By Margaret Russett
Margaret Russett makes use of the instance of Thomas De Quincey, the nineteenth-century essayist most sensible remembered for his Confessions of an English Opium-Eater and his memoirs of Wordsworth and Coleridge, to check the assumption of the "minor" writer, and the way it really is regarding what we now name the Romantic canon. Situating De Quincey's writing on the subject of the "major" poets he promoted, in addition to the essays of Charles Lamb, William Hazlitt, and others, Russett indicates how De Quincey helped to form the canon through which his profession used to be outlined.
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Additional info for De Quincey's Romanticism: Canonical Minority and the Forms of Transmission
Among young men of ardent minds, liberal education and not 'with academic laurels unbestowed'" (BL 1:75). De Quincey later proudly recalled "the prophetic eye and the intrepidity" that distinguished himself and Wilson from his Oxford classmates, ignorant as they were of "their own domestic literature" and of Wordsworth above all (R 114-18). In the immediacy and intensity of his admiration De Quincey resembled Coleridge himself, who, when "during the last year of [his] residence at Cambridge" he "became acquainted with Mr.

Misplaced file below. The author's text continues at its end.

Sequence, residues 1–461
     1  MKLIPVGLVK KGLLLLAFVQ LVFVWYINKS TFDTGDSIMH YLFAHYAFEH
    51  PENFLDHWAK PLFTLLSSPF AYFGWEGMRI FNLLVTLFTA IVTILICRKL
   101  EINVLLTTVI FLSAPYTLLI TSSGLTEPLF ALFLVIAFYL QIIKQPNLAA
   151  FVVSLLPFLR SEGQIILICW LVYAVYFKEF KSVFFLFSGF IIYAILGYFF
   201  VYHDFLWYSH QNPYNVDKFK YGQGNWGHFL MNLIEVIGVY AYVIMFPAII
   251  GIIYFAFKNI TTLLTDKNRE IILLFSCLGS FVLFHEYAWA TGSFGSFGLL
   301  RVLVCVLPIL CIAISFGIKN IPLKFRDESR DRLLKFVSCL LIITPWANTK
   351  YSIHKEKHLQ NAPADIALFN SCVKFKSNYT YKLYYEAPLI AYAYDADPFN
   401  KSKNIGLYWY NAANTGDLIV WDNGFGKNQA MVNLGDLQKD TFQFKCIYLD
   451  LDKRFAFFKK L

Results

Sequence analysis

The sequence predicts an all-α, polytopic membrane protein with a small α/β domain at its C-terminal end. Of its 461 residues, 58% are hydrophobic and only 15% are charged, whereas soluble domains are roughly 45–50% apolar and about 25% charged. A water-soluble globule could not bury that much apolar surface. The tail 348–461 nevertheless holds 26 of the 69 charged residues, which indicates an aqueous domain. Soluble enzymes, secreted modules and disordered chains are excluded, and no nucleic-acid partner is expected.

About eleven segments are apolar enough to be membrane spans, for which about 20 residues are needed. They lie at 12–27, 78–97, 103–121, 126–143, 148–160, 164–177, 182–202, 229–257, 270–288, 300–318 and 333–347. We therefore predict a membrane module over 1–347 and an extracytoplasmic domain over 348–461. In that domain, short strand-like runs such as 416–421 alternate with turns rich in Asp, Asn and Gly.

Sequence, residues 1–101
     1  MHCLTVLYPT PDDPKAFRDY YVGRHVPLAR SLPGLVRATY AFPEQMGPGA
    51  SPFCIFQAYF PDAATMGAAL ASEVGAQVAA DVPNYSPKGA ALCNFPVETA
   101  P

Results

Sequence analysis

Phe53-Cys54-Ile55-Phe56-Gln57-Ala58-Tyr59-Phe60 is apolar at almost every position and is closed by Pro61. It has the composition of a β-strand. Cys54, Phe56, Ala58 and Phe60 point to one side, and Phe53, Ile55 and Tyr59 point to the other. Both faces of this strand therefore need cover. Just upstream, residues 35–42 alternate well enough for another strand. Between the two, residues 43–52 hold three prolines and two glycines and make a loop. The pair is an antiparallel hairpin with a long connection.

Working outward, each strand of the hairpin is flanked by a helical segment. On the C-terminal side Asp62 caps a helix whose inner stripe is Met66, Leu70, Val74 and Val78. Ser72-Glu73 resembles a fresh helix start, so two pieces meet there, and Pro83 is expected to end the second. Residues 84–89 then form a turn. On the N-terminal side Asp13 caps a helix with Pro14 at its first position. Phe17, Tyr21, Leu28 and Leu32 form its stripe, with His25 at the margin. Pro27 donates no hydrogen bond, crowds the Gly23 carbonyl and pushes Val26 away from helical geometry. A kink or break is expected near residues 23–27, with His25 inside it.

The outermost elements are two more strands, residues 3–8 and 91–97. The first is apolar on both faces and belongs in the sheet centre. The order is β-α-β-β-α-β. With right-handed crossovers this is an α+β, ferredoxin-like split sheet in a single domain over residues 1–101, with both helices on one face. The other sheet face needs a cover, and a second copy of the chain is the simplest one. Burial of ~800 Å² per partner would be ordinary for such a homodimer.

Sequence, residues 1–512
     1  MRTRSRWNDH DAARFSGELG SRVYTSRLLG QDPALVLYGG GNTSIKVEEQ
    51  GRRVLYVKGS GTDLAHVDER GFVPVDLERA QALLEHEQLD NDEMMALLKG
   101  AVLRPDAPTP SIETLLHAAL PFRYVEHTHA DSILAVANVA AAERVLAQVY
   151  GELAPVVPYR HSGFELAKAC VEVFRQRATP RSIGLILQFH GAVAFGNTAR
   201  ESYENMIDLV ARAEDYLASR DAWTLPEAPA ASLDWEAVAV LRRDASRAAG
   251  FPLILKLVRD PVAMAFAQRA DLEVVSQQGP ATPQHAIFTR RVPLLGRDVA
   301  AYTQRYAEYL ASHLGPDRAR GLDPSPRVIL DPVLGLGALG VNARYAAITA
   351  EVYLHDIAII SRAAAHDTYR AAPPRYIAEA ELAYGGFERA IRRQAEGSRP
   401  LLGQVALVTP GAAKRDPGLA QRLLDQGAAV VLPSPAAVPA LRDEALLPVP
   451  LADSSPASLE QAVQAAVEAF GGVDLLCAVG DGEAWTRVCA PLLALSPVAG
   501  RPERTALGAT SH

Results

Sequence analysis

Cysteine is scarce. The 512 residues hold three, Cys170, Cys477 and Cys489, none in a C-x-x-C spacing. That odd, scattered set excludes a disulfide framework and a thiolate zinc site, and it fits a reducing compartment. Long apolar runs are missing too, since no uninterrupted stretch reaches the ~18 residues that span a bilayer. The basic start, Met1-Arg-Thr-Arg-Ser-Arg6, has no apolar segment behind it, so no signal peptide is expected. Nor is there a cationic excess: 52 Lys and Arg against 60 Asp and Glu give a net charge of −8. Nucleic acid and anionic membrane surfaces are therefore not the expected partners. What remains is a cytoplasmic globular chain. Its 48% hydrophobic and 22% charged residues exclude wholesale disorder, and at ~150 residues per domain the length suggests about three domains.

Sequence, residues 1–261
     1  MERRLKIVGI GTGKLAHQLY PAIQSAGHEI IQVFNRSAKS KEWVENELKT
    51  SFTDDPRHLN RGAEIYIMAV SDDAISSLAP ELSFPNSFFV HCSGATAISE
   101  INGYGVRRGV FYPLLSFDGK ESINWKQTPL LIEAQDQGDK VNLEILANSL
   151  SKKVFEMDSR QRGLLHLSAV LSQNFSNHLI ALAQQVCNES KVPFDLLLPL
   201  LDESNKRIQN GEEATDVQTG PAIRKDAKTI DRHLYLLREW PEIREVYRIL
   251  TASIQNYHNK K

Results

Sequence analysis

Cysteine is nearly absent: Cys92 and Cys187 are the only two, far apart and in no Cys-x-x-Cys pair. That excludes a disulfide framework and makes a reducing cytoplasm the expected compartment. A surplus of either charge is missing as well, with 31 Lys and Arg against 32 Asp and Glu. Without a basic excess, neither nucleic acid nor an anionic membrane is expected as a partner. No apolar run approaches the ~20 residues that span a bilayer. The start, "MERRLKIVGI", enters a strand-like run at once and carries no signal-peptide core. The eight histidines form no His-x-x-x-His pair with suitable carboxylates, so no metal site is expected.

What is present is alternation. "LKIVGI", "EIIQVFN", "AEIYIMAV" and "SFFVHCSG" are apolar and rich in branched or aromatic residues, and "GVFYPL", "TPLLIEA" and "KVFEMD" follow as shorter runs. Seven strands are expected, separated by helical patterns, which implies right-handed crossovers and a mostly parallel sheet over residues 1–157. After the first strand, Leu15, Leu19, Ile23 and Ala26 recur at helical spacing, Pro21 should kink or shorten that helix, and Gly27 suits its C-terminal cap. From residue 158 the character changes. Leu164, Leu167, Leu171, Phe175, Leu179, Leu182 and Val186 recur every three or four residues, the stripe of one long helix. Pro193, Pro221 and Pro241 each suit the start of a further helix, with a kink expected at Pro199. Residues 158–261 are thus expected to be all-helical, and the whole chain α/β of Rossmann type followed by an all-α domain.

In the immediacy and intensity of his admiration De Quincey resembled Coleridge himself, who, when "during the last year of [his] residence at Cambridge" he "became acquainted with Mr. Wordsworth's first publication," had felt that "seldom, if ever, was 29 30 De Quincey 's Romanticism the emergence of an original poetic genius above the literary horizon more evidently announced" (BL 1:77). But De Quincey, having unlike Coleridge no independent reputation as an author, represented for the Wordsworths an unimpeachable test of the poet's empirical effectiveness.
Evangelism supplies one vocabulary for this reward: a credential of professional competence in that most abstract of domains, the human heart. 39 By attesting to his Wordsworthian cure, De Quincey marks the efficacy of a new form of social power, which both parties mistake for "apostolic fervour of holy zealotry" (R 181). The nature of this meconnaissance, and the way it structured the reciprocal desires of agent and patient, would not lack consequences in their later meetings and misunderstandings.
De Quincey's Romanticism: Canonical Minority and the Forms of Transmission by Margaret Russett